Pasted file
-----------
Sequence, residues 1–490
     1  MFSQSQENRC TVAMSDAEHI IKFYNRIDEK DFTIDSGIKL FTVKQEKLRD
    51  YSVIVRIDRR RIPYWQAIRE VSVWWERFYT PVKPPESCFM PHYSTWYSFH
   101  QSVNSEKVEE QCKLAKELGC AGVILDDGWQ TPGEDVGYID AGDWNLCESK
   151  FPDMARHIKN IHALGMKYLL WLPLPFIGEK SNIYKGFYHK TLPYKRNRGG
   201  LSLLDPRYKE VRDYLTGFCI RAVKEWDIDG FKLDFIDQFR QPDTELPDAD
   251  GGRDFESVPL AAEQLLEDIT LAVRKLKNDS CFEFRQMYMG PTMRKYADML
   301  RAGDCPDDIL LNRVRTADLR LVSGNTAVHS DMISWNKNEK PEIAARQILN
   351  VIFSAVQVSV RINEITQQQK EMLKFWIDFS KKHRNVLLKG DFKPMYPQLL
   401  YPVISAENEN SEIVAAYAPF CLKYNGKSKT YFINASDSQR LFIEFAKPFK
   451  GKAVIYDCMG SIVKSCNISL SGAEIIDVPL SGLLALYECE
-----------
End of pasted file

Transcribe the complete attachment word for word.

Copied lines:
Sequence, residues 1–490
     1  MFSQSQENRC TVAMSDAEHI IKFYNRIDEK DFTIDSGIKL FTVKQEKLRD
    51  YSVIVRIDRR RIPYWQAIRE VSVWWERFYT PVKPPESCFM PHYSTWYSFH
   101  QSVNSEKVEE QCKLAKELGC AGVILDDGWQ TPGEDVGYID AGDWNLCESK
   151  FPDMARHIKN IHALGMKYLL WLPLPFIGEK SNIYKGFYHK TLPYKRNRGG
   201  LSLLDPRYKE VRDYLTGFCI RAVKEWDIDG FKLDFIDQFR QPDTELPDAD
   251  GGRDFESVPL AAEQLLEDIT LAVRKLKNDS CFEFRQMYMG PTMRKYADML
   301  RAGDCPDDIL LNRVRTADLR LVSGNTAVHS DMISWNKNEK PEIAARQILN
   351  VIFSAVQVSV RINEITQQQK EMLKFWIDFS KKHRNVLLKG DFKPMYPQLL
   401  YPVISAENEN SEIVAAYAPF CLKYNGKSKT YFINASDSQR LFIEFAKPFK
   451  GKAVIYDCMG SIVKSCNISL SGAEIIDVPL SGLLALYECE